REGINA—More than 38,000 cubic metres of concrete has been poured and about 33,000 seats installed at the new stadium that will be the home of the Saskatchewan Roughriders football club.
The $278-million Mosaic Stadium in Regina has officially marked what is called substantial completion, just over two years from the ground-breaking in June 2014.
“It really, really is world class,” former Roughrider Steve Mazurak, the team’s vice-president of sales and marketing, said Wednesday.
Mazurak said a lot of work went into researching and building the state-of-the-art facility. Developers looked at upwards of 30 football and baseball stadiums, as well as hockey arenas, across North America to gather the “best-of-the-best” ideas.
“And when you talk to our football folks and you listen to what they have to say about our locker room facilities—second to none,” said Mazurak, who played wide receiver and slotback from 1973 to 1981.
The old bench-style seating, where fans squished together with less than 46 centimetres each, has been replaced with wider seats that include armrests and cupholders.
The new stadium has four large locker rooms in addition to one dedicated to the Roughriders. There are also nine smaller locker rooms for coaches, the cheer team and Gainer the Gopher, the Rider mascot.
It’s the first stadium in the Canadian Football League to have LED lighting. There are 400 fixtures to light up the field.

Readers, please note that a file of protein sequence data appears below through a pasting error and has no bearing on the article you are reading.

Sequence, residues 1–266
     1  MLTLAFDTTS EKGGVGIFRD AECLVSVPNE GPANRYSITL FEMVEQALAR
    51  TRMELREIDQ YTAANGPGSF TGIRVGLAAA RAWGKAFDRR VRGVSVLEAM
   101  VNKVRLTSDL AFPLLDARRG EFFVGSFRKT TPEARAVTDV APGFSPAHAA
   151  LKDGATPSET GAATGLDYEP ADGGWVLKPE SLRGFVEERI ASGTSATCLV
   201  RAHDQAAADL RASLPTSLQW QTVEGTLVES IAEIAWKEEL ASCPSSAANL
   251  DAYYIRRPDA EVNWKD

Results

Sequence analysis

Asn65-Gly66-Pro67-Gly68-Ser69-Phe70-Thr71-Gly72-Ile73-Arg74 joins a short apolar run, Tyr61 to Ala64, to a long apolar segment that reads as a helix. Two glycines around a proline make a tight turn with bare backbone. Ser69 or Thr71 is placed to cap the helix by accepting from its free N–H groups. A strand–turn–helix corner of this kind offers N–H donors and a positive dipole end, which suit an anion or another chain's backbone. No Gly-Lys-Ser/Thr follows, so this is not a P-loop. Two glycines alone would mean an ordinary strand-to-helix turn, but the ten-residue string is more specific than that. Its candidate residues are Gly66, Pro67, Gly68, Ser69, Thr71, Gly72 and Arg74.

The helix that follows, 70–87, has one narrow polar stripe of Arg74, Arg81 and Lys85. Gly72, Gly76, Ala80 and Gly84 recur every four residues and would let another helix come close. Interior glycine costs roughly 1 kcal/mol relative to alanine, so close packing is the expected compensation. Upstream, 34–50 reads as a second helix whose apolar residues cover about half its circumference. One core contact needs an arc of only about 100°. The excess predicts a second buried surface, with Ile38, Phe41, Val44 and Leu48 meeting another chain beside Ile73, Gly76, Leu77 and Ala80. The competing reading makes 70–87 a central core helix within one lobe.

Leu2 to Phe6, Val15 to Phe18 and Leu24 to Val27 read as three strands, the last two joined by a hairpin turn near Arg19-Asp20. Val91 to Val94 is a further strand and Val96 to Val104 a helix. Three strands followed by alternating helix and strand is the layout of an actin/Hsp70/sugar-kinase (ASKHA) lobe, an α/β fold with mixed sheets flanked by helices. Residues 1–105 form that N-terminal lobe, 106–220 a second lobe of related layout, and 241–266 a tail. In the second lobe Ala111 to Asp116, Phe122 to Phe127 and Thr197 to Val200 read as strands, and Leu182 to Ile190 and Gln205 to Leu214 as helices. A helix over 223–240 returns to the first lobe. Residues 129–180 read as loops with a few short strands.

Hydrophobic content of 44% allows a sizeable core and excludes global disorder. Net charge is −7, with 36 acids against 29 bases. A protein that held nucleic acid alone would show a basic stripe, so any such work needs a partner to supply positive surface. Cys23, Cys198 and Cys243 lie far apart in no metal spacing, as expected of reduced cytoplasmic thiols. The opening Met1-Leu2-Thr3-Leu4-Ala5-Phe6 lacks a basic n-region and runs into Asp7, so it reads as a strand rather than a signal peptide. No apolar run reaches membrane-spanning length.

The playing surface is 11,318 square metres. The turf includes more than 842 million fibre blades.
“It’ll help with our recruiting, our coaching, all of the above,” said Mazurak.
The main scoreboard still needs a video screen, and some light fixtures and Wi-Fi boxes also need to be installed.
The Riders are to move into the stadium next season, but the facility will get its first test on Oct. 1 when the University of Regina Rams play the University of Saskatchewan Huskies in a Canadian Interuniversity Sport Canada West football game.
The new Mosaic Stadium will replace the old Mosaic Stadium, which originally started as a rugby field in 1910 and, despite undergoing several upgrades over the years, is showing its age.
“You know, the old girl was just falling apart and the concrete was just not like it should be. It was unsafe, really, to go on in the future,” said Mazurak.